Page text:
Vitalik Buterin, the outstanding Russian-Canadian developer who created Ethereum, has commented on the recent monstrous hacker attack against Twitter by Bitcoin scammers.
Buterin shared that he was actually glad it was a Bitcoin-profit-driven hacker(s) rather than people whose aims would have less to do with money and go much further than just stealing crypto.
"I’m glad that this hacker got to the attack vector"
Vitalik Buterin tweeted (his Twitter account was not hijacked as were others), explaining the positive side of the recent hacker attack by Bitcoin scammers.
The Ethereum co-founder tweeted that the villain got off with merely a few BTC. However, the attackers could have targeted something much more valuable, such as the personal data of the high-level owners of those accounts: Elon Musk, Bill Gates, etc.
They could have tried to manipulate the stock market, the upcoming U.S. presidential election, leak private data to the darkweb or even start a war, according to Vitalik.
"This attack could have caused serious damage. I'm actually glad a hacker motivated by bitcoin profits got to the attack vector before far more nefarious actors seeking to leak private data, manipulate stock prices, manipulate elections or start wars did."
Misha Lederman seconds the thought
Misha Lederman of TronWallet responded to Buterin, agreeing with the latter's conclusion that the damage could have been much worse.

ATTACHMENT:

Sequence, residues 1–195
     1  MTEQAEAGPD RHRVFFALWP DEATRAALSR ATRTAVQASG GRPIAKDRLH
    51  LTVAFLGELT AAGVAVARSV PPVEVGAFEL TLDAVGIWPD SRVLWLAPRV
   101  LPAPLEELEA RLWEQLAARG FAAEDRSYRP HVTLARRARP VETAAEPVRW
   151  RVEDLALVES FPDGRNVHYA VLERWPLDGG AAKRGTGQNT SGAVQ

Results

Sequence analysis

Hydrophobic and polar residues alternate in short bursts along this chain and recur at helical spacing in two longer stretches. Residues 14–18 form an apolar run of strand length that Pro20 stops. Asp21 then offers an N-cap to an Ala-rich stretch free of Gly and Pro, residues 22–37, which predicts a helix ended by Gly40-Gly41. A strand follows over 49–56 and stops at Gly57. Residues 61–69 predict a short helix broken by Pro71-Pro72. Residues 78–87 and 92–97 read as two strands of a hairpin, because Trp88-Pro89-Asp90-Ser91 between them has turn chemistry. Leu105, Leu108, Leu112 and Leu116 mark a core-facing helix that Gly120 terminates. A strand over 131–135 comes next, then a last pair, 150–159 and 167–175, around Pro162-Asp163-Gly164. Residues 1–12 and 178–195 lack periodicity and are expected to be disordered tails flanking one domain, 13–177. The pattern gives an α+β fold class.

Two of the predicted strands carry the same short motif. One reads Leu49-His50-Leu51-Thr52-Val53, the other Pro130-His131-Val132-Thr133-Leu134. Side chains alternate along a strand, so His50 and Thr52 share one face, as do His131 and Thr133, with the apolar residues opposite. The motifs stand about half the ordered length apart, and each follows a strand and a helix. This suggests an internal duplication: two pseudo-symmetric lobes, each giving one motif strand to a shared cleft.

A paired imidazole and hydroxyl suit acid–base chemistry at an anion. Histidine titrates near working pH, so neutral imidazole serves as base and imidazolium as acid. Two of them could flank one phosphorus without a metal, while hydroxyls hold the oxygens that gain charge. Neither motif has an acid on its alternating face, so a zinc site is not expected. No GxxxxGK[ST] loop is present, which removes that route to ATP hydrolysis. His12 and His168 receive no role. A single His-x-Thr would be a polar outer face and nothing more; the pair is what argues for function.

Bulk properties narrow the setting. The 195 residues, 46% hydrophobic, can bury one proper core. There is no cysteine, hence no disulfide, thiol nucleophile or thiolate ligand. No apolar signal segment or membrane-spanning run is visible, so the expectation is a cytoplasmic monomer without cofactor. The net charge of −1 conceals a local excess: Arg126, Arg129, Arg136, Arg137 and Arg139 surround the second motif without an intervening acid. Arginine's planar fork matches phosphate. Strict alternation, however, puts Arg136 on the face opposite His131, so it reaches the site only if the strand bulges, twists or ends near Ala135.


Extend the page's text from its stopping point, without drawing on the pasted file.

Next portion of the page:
Instead, Lederman stated that millions of people have been able to see what a Bitcoin scam is, thanks presumably to not only the situation on Twitter, but also to the media coverage.
Other influencers have tweeted that the number of Bitcoin Google searches also spiked today.
Community to Peter Schiff: "The hacker was after BTC, not gold"
Some crypto community members decided to use the BTC hype caused by the attack to pinch old-school Bitcoin critic and gold bug Peter Schiff.
The author of "Accidental Billionaires," Ben Mezrich, tweeted that none of the hackers who hit Twitter on Wednesday, scamming BTC holders and paralyzing numerous high-profile accounts, asked people to send them bars of gold.
Another Twitter user also took a jab at Schiff, saying that next time hackers should take control of his account and promise to return to him, by mail, twice the amount in gold that he sends them:
"Waiting for the Peter Schiff tweet promising to double any gold bullion sent to his business address via certified mail."